L.N. Tolstoy's Principle of “Non-Resistance to Evil by Violence” in the Context of Russian Religious Philosophy of the Late XIX - Early XX Century

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The article discusses how the meaning of the principle of “non-resistance to evil by violence” was changing in L.N. Tolstoy's religious and philosophical teachings and how this principle was evaluated in Russian religious philosophy of the late XIX - early XX century. In the first version of Tolstoy’s teachings, set forth in the book “What is my faith?”, the principle of non-resistance was understood in a moral sense, as the norm for all people; its execution should lead to the perfection of earthly life. This idea of L. Tolstoy was sharply criticised by his contemporaries, who noted that there was no truly religious content in Tolstoy’s teachings, it was turning into a utilitarian doctrine of the earthly progress of mankind. Given this criticism, Tolstoy in his later works changed his understanding of the principle of non-resistance. Drawing a distinction between two levels of human life - “animal” and divine, Tolstoy recognised the principle of non-resistance to the law as the divine life of a man. As a result, the principle of non-resistance has acquired a religious rather than moral meaning, since the transition of a man to a divine life means a mystical transformation of his being. He is aware of his super-spatial and super-temporary unity with all people and with all being, and therefore can evaluate the consequences of his actions not only in the limited sphere of his life, but also in all infinite being. In this regard, a person realizes the absolute superiority of good deeds over evil, even if the latter are committed to confront evil. It is shown that some critics of Tolstoy came to a similar understanding of the religious meaning of the principle of non-resistance at the end of their lives (N.A. Berdyaev, L.P. Karsavin).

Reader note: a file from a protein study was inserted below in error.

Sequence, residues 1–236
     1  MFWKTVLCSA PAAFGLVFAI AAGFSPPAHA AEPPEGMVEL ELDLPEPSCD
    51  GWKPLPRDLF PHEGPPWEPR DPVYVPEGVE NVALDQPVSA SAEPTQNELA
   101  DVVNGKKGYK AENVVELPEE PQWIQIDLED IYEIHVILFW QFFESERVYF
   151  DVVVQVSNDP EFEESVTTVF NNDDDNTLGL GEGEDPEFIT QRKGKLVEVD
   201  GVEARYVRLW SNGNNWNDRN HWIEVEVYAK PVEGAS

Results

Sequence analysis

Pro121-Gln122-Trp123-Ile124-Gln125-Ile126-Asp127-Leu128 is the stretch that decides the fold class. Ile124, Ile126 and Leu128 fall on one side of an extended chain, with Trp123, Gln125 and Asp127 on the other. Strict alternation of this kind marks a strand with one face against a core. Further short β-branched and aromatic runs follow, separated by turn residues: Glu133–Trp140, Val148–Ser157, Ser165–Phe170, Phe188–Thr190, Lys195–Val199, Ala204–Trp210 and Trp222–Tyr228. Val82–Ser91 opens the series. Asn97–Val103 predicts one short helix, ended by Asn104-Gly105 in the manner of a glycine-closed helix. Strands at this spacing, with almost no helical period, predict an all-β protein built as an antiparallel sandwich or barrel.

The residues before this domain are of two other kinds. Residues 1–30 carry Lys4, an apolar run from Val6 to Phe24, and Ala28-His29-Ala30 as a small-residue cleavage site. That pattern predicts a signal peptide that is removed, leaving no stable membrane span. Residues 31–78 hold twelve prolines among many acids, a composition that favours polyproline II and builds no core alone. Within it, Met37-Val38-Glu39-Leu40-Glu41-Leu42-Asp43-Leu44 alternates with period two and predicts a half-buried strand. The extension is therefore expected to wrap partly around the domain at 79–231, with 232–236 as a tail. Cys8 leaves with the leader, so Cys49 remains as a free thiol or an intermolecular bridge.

About the authors

I. I. Evlampiev

St. Petersburg State University

Author for correspondence.
Email: yevlampiev@mail.ru

Sc. in Philosophy, Professor, Institute of Philosophy

5, Mendeleevskaya liniya, St. Petersburg, Russian Federation, 199034

I. Yu. Matveeva

Russian State Institute of Performing Arts

Email: inga.matveeva.spb@gmail.com

Ph.D. in Philology, Associate Professor at the Theatrical department

34, Mokhovaya St., St. Petersburg, Russian Federation, 191028


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Copyright (c) 2020 Evlampiev I.I., Matveeva I.Y.

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